I have to wonder what these people do for a living with the attitudes they have towards others. I have had more than one encounter with rude and obnoxious riders. And yes I used to ride but medical issues made me give it up.

This is the type that I call a "bike anarchist". It's adolescent, testosterone-fueled recklessness. The attitude is that "I don't have to follow any rules. I'm so agile, smart, right, and immortal that I can look out for myself and not have to consider that I might not actually be able to avoid hitting the disabled, elderly pedestrian who has the right of way. What right of way? I don't have to wear a helmet, have lights on my bike at night, or slow down for anyone. That's for other people". I see more and more of this attitude in Portland as some cyclists try to take over the sidewalks, speed through the neighborhood at night without lights, some peds who don't happen to be able-bodied 20-somethings become fearful about crossing the street, etc. It can ruin cycling for the rest of us. I cringed yesterday as I saw a brave blind man, with the right of way, crossing the street in front of a reckless cyclist. Of course, the attitude of some drivers is part of the problem too. Meanwhile, we have a long way to go to work out ways for peds, cars, and cyclists to get along and share the road, with appropriate road design, laws, licensing of bike riders (the bike anarchists will be outraged at that one), education, and enforcement for everyone - including pedestrians, drivers, and cyclists.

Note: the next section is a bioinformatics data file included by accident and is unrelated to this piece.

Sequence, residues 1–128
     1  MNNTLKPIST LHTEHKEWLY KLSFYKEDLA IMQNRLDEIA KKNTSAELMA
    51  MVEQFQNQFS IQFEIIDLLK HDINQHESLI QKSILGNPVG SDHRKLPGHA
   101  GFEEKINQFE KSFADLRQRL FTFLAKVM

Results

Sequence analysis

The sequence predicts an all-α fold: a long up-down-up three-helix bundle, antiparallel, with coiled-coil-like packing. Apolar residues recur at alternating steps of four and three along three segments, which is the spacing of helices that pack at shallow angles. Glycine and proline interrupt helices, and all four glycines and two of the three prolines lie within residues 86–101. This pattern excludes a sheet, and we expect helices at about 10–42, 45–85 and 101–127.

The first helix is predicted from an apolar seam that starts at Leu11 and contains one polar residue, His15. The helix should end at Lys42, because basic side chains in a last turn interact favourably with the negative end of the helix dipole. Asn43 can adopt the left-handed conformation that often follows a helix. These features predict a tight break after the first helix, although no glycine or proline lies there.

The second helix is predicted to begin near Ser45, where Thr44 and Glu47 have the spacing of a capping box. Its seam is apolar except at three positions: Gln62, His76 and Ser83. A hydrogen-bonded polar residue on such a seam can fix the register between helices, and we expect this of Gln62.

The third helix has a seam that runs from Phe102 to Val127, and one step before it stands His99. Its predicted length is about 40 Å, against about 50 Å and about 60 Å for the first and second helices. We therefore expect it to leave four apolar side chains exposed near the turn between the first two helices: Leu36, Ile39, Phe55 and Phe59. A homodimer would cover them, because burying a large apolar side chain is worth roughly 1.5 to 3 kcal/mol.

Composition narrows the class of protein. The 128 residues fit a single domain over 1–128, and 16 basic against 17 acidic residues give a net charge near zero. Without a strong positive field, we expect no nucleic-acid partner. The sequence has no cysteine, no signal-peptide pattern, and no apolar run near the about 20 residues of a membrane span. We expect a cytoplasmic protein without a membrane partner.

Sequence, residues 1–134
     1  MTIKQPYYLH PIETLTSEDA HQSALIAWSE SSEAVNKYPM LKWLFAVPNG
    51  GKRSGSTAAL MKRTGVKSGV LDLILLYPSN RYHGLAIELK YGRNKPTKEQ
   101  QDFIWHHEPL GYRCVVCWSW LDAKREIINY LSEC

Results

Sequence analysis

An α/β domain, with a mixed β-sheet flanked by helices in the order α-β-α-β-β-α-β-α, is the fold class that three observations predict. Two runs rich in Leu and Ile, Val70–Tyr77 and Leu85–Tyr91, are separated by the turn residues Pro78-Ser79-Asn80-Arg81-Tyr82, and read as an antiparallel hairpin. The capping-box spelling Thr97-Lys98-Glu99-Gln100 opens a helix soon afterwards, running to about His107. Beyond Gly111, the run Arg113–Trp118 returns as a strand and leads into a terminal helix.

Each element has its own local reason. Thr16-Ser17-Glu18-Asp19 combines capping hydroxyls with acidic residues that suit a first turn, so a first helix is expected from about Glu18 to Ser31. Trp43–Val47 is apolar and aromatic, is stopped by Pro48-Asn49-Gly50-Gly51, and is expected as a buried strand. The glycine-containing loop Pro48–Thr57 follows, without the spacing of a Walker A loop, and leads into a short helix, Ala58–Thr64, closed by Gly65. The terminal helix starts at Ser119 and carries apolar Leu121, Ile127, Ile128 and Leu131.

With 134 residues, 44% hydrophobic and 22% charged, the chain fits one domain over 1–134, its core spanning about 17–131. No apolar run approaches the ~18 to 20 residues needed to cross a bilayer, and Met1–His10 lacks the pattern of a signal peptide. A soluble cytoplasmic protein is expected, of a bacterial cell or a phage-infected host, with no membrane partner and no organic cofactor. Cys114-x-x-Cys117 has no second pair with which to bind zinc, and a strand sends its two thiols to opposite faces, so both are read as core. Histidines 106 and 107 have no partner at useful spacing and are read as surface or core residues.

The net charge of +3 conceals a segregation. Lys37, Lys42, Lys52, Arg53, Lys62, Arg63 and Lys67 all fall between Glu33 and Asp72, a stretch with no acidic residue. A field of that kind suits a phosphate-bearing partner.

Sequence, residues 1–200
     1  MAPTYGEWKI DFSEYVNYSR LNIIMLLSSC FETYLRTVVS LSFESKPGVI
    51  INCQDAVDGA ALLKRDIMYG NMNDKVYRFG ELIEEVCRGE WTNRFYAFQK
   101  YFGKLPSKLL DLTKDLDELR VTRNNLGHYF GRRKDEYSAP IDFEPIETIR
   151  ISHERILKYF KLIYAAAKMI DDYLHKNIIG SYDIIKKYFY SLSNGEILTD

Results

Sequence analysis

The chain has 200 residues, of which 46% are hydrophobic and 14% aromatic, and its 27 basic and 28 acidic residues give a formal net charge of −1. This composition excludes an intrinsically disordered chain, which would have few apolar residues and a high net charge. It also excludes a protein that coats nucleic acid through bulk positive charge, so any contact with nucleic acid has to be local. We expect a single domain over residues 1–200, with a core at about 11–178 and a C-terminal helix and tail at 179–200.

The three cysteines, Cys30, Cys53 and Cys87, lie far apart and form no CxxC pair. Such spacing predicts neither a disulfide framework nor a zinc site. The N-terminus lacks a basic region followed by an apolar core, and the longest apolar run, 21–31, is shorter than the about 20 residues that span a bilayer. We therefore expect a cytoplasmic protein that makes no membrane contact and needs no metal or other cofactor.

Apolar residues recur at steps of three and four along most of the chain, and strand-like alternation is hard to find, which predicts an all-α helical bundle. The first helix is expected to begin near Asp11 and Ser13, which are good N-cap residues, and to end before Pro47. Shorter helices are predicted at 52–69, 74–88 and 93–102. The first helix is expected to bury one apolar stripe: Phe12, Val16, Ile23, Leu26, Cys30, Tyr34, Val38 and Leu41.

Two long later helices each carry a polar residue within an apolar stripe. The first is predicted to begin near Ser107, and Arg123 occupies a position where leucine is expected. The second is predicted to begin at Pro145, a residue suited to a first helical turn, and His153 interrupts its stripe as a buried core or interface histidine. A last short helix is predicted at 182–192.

And there are the forces of nature we call Karma and Darwin.

And there are the forces of nature we call Karma and Darwin.

And gravity!

Sam Adams should have a beer summit with these two, as Obama had with Henry Louis Gates and that cop.

That's kind of joking, kind of serious. Neither of these guys seems like a BAD guy, but both of them, particularly the cyclist, seem very set in their ways. I think the cyclist is completely in the wrong here, but I've seen many bus drivers act just as entitled out of the road. It wouldn't hurt to have them act as representatives of their particular communities and sit down to hear what the other "side" has to say.

I read the interview and while the biker certainly did show some bravado (blowing through a light IS not an option if you're obeying traffic laws), I think he showed he also is rethinking the way he rides in light of what happened. He also seemed to understand the TriMet bus driver was blowing off steam on his blog and accepted that.